We were not entirely sure where to put the collective on this diagram and we are not totally happy with it where it is but nor can we think of a suitable alternative place to put it (the middle would work pretty much as well). The point we are trying to make is that it is not a social form in itself but it can emerge from any or all of them.
This diagram shows some of the distinctive features of each of the social forms which, together as a cluster, help us to identify what social forms or blend of social forms we may be looking at:
These features form a continuum, with no absolute boundaries marking one form from another. However, some are quite distinctive to a given form: roles, chains of authority and intentional design, for example, normally indicate the form is a group. Anonymity, shared interests and cooperative sharing often indicate a set. Permeability, social interdependence and individual connection tend to typify a net. But it is important to remember that we almost always see some kind of blending: for example, sets and nets are almost always found in groups and, indeed, a group may be viewed as either a set (membership being the shared characteristic) or a net (everyone is connected via group membership, at least).
This diagram shows how a generic collective works:
Note that the capture, processing and feedback elements of this can equally be played by machines and/or people. A couple of examples may help to illustrate this more clearly:
- A collaborative filter, such as those used by Amazon, Netflix and countless other sites, captures implicit or explicit information about preferences such as ratings, buying patterns, viewing patterns, and so on. It typically uses algorithms relying on things like Euclidian Distance, Pearson Correlations or neural networks in order to identify people who share similar preferences. It then presents recommendations back to individuals based upon the principle that people with similar preferences that have ‘liked’ similar things in the past will like similar things in the future.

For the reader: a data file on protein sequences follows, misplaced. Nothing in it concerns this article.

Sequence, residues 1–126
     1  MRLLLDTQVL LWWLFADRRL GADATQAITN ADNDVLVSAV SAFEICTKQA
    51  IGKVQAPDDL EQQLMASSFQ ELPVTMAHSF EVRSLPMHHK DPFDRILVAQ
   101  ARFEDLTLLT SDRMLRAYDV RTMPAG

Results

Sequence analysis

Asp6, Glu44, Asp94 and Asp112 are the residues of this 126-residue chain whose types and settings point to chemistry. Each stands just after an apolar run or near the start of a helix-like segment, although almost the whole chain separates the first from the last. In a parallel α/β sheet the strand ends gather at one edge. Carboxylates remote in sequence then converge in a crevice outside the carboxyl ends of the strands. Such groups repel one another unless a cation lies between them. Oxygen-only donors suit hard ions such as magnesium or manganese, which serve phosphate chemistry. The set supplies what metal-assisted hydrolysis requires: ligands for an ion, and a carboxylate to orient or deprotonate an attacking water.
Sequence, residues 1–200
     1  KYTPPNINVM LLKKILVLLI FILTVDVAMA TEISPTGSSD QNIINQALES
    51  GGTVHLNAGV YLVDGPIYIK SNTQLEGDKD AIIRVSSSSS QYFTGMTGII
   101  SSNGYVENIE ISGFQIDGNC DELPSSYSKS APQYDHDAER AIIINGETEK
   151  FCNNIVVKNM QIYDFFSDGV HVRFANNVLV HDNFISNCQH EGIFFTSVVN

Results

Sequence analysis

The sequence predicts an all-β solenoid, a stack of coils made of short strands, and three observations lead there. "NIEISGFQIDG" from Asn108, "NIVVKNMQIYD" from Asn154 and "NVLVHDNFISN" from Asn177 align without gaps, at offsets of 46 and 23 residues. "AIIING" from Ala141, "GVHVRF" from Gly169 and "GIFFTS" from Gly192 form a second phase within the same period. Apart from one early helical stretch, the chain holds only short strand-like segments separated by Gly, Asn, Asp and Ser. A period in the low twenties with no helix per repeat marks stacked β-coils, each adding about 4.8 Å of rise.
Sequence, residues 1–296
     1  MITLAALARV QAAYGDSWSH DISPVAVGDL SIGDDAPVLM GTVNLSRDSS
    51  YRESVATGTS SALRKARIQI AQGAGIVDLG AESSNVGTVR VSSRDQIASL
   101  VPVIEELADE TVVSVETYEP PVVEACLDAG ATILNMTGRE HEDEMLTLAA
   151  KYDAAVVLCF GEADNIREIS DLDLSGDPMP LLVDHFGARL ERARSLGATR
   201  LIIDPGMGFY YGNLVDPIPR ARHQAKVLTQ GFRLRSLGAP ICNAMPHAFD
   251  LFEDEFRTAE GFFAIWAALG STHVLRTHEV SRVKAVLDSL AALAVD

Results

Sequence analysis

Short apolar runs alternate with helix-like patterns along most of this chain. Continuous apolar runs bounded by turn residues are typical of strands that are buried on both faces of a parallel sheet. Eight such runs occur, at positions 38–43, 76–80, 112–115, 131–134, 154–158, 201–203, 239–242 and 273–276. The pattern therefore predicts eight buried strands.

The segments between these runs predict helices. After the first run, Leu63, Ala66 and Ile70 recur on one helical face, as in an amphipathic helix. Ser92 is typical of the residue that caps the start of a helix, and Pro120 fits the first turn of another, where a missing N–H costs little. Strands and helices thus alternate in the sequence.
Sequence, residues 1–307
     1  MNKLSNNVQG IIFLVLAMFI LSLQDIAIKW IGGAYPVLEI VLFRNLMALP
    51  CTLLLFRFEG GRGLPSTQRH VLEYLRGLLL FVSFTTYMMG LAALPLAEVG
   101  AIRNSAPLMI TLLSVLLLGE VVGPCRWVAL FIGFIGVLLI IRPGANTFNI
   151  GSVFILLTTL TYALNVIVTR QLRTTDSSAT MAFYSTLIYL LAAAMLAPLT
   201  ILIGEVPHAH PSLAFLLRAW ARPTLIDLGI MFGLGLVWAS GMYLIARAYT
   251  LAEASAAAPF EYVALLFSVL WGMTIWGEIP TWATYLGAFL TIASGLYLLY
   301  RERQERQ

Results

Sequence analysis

- A tag cloud system (there is one on this site) captures the tags used by people on a site, then uses algorithms to process the tags so that those that are more used are weighted higher than those that are less used, then presents them as a weighted list (typically showing higher weightings in larger fonts). This particular collective goes a bit further than that, however, because that weighted list is itself captured then processed in the brains of the individuals that see it, who make decisions, normally (but not always) partly based on the algorithm that bigger is better. Not only does this then affect what they visit, but it also influences their own use of tags, thus changing the presentation of the tag cloud itself. This is an example of a broad family of collectives employing positive feedback loops, in which signs left in the environment influence the behaviour of others, who in turn leave such signs, influencing others, continuing until some negative feedback loop brings it to a halt. Examples include termite mounds, ant trails, movements of money markets and footpath emergence. This process is known as stigmergy.
For a fuller discussion of the social forms and collectives, see chapters 3-7 in particular, in which we first describe the typology then explore the learning implications and examples of each in turn.